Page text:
Oh, well done, Standardised Testing. You diagnosed a child who couldn't write as a child who couldn't read

River had had so many changes of teacher in his short school life that nobody had ever showed him how to hold the pencil correctly, or how to form letters. I watched him try to write his own name, starting with an inverted V and a circle on top for the capital R, with a hand so cramped with tension that he had to have a rest before going on.

Happy ending? Yup.  Eight weeks of WRITING lessons later, he got 96% for the final reading test- and was starting to settle down to some work in class too.  He never threw a chair at me, but he did call me some interesting names on the way to holding the pencil properly.  (Mostly I tell you the good stuff, and leave out the pain!) I've still got the little 'sorry' gift he made and gave me the week after he'd called me a particularly obscene name; I'd called his bluff by sending him back to class- he really enjoyed our lessons, but it became an experiment in boundaries from time to time.  That's what happens sometimes when a gifted kid gets overlooked for too long.

We ended up respecting each other's intellects. Yes, River was one very clever little boy who the state had labelled 'illiterate'.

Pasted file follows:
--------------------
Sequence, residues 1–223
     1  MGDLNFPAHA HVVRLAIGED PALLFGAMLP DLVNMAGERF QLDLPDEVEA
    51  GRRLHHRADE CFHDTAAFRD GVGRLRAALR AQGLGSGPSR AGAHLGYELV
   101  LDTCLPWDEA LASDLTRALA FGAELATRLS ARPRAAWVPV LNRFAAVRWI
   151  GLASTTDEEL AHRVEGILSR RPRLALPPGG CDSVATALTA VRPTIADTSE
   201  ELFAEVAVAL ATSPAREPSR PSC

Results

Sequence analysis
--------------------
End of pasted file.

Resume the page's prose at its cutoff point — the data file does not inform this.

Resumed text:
River 1, standardised test 0.

There are just so many levels on which standardised tests can fall down, and that's why teachers reject them.  To build a whole educational philosophy for a country on them is like building a skyscraper on sand- it might look nice and level to the untrained eye, but if you've ever worked with sand...


  1. These stories are why I want to be involved in the process. I'm not sure what that means yet but I MUST be involved in helping kids. Thanks Annie!

  2. I really enjoyed the coaching, Scott, for exactly that reason. :)

  3. GREAT article, Aunt Annie! Off to get this one floating around Facebook now too! :-)

    I work at a very expensive private school where I get free tuition for my own kids as a teacher there - but I refuse to put them in an education system where their worth is judged based on standardized tests. They go to public school.

  4. Ah, in this country you get tested no matter where you go to school, Anon. If you want to avoid the test you have to keep your child at home on testing day.

    But that only solves part of the problem; the way the results are used to judge teachers, schools and whole regions is completely iniquitous. Statisticians just grab the numbers to play their games with, and completely overlook what education is all about- filling the needs of the INDIVIDUAL within that child's personal context. Talk about comparing apples and oranges!!